The term “solstice” is defined as “either of the two points on the celestial sphere where the ecliptic (the apparent path of the Sun) reaches its greatest distance north or south of the celestial equator.”
Visible radiation (light) is the small part of the electromagnetic spectrum to which the human eye is most sensitive. This exhibition uses the interaction of light and design as a visualization tool to illustrate and explain the occurrence of the visual spectrum in astronomy.
The viewer is invited to actively engage with the work:
- The color-mixing lamp allows the participant to grasp a better understanding of the visible spectrum by manually creating colored light. By dialing in the RGB magnitudes provided by the complementary poster, the participant can visualize the colors of planetary atmospheres.
- The constellation poster explains how much light the unaided eye can see from distant stars in the night sky.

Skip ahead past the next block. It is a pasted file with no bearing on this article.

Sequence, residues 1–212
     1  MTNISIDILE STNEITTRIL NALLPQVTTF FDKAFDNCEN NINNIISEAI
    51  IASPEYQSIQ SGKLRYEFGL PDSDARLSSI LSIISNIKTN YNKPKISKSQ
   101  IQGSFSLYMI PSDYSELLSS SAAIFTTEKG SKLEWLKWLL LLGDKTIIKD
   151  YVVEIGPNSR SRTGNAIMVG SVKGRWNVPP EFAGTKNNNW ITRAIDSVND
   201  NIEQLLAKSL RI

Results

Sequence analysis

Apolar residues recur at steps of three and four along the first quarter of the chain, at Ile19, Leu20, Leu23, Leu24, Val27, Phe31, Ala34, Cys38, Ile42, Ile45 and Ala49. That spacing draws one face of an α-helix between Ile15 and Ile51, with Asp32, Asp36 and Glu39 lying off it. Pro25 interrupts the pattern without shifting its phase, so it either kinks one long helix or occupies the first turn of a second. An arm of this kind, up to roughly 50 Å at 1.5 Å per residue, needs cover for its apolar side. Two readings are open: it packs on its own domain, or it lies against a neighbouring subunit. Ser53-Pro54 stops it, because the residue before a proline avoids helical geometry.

- The interactive website provides supporting scientific infographics and further information.
The visual aesthetic of both the product and graphic design are inspired by the streamline simplicity of German industrial design, such as work done by Dieter Rams, and the more colorful geometric mid-century modern design, such as work done by Olivetti Typewriter Company.
I would like the participant to be reminded of the presence of light that we encounter every day, and night. The beauty of light should not be overlooked, because if you haven’t noticed, it is all we ever see.